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A Guide To

Surgery Process Guide to Vaginoplasty

“There are many reasons why a woman would want to undergo vaginal tightening, be it physical, emotional or both. The surgery can help to address problems that are caused by age, multiple births, the menopause, genetic anomalies or other issues.” – HealthCentre.org 

Vaginoplasty surgery aims to tighten and shorten the vaginal and pelvic muscles, and removes any excess skin so that the vaginal area appears tighter.  Depending on the type of anaesthetic you are given, you may be asked to stay in hospital overnight.

1.

You will be advised by your surgeon as to whether you’ll need a local or general anaesthetic. If you are given local anaesthetic, your surgeon will also sedate you. 

2.

Once the anaesthetic has set in, the surgeon will begin to operate. The stretched pelvic floor muscles and ligaments at the back of your vagina are joined together and shortened using dissolvable stitches.

3.

The surgeon will then remove any excess skin and vaginal lining, which helps to tighten the vaginal muscles and surrounding soft tissues.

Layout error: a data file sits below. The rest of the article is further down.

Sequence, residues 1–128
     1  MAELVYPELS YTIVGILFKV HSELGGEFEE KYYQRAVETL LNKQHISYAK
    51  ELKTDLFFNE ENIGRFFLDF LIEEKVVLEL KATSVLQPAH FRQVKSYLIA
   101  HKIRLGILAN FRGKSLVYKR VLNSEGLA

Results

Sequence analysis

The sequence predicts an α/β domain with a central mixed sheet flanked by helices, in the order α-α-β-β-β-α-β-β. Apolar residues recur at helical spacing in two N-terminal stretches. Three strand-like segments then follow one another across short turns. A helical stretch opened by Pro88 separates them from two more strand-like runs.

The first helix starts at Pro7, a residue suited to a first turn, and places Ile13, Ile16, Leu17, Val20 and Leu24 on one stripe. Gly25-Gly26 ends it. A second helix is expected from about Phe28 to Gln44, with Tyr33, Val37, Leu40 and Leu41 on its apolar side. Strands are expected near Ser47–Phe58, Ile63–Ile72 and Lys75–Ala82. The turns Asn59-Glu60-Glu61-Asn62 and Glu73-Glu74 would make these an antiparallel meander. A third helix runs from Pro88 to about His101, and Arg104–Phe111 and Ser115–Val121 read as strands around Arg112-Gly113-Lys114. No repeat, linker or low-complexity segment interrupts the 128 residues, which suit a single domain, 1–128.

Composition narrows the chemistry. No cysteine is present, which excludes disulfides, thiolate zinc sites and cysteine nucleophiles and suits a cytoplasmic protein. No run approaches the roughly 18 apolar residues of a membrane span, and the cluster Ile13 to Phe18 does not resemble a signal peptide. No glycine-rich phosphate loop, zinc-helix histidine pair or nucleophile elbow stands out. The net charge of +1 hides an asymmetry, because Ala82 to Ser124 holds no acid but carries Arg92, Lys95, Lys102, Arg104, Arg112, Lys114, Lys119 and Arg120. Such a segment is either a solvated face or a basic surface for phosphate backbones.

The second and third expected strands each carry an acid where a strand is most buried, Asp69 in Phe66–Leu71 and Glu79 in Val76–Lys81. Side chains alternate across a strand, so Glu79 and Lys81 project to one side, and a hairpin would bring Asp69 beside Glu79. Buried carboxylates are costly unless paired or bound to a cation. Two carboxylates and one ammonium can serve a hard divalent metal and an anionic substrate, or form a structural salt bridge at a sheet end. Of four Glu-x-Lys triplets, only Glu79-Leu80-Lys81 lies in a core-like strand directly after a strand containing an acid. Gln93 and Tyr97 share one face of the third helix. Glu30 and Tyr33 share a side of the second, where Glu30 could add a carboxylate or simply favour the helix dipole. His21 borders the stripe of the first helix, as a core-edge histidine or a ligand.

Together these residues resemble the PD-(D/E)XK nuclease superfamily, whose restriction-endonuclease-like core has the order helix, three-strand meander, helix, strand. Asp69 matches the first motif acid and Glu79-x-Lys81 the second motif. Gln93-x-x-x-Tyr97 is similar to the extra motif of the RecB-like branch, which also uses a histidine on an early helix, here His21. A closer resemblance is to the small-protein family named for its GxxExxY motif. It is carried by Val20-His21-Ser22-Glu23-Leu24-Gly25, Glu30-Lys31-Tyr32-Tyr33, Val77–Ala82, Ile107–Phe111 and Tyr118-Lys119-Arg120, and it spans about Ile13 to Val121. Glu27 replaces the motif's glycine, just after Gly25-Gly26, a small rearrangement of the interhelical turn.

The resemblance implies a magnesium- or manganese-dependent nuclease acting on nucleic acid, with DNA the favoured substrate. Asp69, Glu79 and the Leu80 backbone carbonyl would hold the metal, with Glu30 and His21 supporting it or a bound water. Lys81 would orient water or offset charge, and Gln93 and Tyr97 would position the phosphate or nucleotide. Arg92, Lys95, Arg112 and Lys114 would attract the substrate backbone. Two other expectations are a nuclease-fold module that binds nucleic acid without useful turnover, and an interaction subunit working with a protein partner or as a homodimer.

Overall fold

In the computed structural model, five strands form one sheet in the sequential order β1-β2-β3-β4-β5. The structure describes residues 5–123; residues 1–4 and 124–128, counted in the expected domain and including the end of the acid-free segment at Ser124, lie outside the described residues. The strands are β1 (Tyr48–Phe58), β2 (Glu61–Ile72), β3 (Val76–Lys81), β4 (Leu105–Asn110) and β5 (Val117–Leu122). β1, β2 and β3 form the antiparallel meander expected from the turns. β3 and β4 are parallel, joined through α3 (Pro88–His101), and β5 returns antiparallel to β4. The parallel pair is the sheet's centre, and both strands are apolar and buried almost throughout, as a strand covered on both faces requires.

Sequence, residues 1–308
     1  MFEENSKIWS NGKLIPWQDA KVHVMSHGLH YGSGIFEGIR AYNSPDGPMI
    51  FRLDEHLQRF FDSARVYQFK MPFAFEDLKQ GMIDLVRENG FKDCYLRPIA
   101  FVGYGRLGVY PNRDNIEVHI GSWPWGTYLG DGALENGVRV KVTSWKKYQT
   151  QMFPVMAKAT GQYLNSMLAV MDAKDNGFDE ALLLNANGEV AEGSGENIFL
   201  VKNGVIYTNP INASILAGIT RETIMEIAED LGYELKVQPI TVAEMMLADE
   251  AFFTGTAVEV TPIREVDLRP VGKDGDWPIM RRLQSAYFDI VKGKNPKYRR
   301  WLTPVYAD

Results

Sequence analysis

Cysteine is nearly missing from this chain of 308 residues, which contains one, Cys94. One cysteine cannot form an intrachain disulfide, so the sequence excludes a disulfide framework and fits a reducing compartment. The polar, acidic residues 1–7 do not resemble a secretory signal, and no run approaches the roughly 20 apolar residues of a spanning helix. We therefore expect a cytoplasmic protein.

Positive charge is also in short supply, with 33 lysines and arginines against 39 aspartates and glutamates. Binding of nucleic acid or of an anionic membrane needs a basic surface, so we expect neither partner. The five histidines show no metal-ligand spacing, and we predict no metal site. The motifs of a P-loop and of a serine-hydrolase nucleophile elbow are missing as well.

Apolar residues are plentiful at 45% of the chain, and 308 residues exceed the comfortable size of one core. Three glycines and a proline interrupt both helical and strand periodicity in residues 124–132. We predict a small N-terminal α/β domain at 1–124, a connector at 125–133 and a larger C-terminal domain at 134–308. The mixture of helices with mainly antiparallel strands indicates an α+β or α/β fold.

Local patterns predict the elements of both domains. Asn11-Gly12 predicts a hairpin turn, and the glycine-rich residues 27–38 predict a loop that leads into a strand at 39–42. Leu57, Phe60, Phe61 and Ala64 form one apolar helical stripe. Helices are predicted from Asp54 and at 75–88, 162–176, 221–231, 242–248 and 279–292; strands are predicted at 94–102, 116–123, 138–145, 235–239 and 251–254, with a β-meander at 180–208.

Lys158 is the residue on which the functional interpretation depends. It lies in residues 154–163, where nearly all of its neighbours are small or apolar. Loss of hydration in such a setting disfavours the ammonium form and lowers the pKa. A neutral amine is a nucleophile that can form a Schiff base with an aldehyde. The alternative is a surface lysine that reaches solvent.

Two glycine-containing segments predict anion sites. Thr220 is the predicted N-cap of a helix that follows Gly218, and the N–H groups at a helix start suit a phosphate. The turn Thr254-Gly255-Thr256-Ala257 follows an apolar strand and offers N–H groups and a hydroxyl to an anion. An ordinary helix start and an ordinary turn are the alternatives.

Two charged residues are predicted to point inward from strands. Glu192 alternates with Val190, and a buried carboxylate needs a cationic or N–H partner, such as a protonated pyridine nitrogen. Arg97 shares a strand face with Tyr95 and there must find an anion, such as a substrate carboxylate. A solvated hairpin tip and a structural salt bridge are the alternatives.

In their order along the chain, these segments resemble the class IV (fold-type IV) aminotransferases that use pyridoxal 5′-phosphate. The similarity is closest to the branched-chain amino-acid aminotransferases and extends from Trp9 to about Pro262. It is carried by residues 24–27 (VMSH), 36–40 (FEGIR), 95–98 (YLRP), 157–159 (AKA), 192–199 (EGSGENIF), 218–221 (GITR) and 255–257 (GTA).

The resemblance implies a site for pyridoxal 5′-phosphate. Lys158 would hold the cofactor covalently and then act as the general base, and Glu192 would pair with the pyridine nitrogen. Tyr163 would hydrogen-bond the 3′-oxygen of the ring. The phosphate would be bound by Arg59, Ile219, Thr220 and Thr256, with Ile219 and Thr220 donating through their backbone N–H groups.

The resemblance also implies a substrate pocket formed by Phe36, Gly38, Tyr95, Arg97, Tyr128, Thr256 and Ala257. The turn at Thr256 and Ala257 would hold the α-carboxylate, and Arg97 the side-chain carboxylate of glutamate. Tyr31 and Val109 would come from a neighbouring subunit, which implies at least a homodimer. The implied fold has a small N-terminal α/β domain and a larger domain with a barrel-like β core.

4.

If you were given general anaesthetic you may be asked to stay in hospital overnight. You may find walking and sitting uncomfortable for a few days. 

Complications / Negligence Signs
1.

Haematoma – excessive bleeding.

2.

Extreme scarring.

Surgical Risks
1.

If this procedure is carried out using general anaesthetic, you need to be aware of the risks. There are various associated risks, which are extremely rare. H(typically, these risks will occur one case in every 10,000). 

These complications can include:

-Anaphylaxis (a harmful reaction to the anaesthetic)

Inherited reaction to the anaesthetic

In extremely rare cases, death (approx. 1 death for every 100,000 general anaesthetics given).

These problems are more likely to arise if:

you are undergoing emergency surgery

you have other illnesses 

you are a smoker

you are overweight 

If you are offered local anaesthetic, risks you need to be aware of include;

Infection

Nerve injury

Ischemic necrosis (a restriction to the blood cells, causing a group of cells to die)

Haematoma 

Your surgeon should talk you through these risks before your operation. 

Advice

Important personal considerations must be made prior to any cosmetic surgery procedure. To familiarise yourself with these key ideas, read the S.A.F.E Choice Guide here. 

Questions & Concerns

Has your cosmetic surgery left you with questions and conerns about the success of your procedure?

Do you think you may have been a cosmetic surgery negligence? Our specialist solicitors may be able to start a claim for you.

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